The southern part of the Moravian-Silesian Beskydy Mountain landscape is an extraordinary place, with almost no other buildings nearby with the exception of just a few scattered homesteads. From the upper part the plot borders on the road and is formed by a wild mountain meadow sloping down to a wooded shadowy gully with a flowing brook.
The design was centred in the primordial mountain atmosphere; the process was none too easy, being significantly influenced by the Beskydy Protected Landscape Area Administration and its rigid building regulations, which complicated the creative or innovative approach.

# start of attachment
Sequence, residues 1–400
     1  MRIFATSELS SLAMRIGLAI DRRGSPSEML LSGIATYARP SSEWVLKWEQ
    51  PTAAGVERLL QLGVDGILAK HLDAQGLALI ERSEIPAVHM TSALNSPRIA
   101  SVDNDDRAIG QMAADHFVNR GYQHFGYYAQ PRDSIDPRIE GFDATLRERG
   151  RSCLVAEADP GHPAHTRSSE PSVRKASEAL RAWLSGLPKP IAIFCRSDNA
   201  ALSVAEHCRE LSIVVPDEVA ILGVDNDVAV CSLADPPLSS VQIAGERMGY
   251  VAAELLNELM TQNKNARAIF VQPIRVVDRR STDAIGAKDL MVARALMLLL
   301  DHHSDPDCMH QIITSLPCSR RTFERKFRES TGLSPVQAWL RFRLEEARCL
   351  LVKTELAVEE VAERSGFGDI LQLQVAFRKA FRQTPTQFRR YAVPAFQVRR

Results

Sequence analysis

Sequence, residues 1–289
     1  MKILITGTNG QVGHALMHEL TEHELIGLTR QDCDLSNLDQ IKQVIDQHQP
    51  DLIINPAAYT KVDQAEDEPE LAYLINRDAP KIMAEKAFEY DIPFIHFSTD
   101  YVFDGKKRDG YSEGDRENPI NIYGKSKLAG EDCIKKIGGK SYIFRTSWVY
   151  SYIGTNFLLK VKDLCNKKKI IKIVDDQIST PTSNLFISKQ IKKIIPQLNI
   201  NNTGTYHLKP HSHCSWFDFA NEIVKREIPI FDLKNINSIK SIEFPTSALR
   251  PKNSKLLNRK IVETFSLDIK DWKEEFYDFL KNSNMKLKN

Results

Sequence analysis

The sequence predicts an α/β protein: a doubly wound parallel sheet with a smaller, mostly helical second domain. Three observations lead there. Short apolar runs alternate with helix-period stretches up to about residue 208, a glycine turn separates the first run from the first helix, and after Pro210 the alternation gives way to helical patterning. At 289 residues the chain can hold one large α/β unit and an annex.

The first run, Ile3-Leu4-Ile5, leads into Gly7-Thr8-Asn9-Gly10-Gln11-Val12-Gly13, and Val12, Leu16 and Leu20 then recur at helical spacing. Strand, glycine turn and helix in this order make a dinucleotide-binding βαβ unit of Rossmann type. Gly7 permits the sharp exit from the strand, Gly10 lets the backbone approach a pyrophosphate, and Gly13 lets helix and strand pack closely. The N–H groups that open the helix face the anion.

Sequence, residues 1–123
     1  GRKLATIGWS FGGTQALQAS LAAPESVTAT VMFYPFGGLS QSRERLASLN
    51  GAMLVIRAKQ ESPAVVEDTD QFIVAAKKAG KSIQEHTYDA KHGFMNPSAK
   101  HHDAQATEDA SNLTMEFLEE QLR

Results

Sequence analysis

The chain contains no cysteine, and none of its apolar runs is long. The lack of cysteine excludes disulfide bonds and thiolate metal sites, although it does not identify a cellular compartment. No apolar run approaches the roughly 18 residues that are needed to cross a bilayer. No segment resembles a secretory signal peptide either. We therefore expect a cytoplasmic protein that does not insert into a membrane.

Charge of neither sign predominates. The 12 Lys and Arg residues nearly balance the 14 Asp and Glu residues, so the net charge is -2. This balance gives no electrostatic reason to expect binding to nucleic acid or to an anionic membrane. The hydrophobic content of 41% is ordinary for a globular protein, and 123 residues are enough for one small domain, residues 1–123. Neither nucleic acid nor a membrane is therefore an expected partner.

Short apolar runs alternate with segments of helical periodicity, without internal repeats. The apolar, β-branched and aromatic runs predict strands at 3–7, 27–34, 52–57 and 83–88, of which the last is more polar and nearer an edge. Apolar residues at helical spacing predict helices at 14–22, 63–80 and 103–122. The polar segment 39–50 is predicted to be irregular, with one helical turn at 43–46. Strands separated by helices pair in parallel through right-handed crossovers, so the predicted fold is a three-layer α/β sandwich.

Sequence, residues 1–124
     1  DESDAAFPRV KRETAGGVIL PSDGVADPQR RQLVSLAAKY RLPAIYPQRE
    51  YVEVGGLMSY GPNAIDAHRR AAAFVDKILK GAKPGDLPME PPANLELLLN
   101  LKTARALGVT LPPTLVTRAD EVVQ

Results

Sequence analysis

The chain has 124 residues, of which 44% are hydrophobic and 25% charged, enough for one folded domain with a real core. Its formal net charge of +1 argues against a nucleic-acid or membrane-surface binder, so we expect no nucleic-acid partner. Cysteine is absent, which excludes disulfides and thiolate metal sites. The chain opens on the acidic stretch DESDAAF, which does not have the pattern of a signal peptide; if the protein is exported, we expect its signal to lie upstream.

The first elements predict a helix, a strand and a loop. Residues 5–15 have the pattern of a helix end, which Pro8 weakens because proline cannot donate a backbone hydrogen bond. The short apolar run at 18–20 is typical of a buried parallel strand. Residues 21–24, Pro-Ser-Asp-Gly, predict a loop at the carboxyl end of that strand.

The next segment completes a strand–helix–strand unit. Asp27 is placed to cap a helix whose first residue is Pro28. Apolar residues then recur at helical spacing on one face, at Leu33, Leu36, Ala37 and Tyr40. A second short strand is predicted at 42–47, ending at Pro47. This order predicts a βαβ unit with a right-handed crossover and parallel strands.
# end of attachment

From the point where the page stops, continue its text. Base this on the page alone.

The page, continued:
Blending heaviness and lightness, the concrete embodies the heavy hollow platform, partially burrowed into the earth surface, with an almost cave atmosphere. It hides larch bedroom cabins and service house spaces.
The undisrupted surrounding landscape around the house continues to flow almost unnoticed. The concrete is expected to turn grey and then become overgrown with moss, the larch wood shall gain a greyish-silver patina, and the access path from sandstone stones should barely be seen in the meadow grass.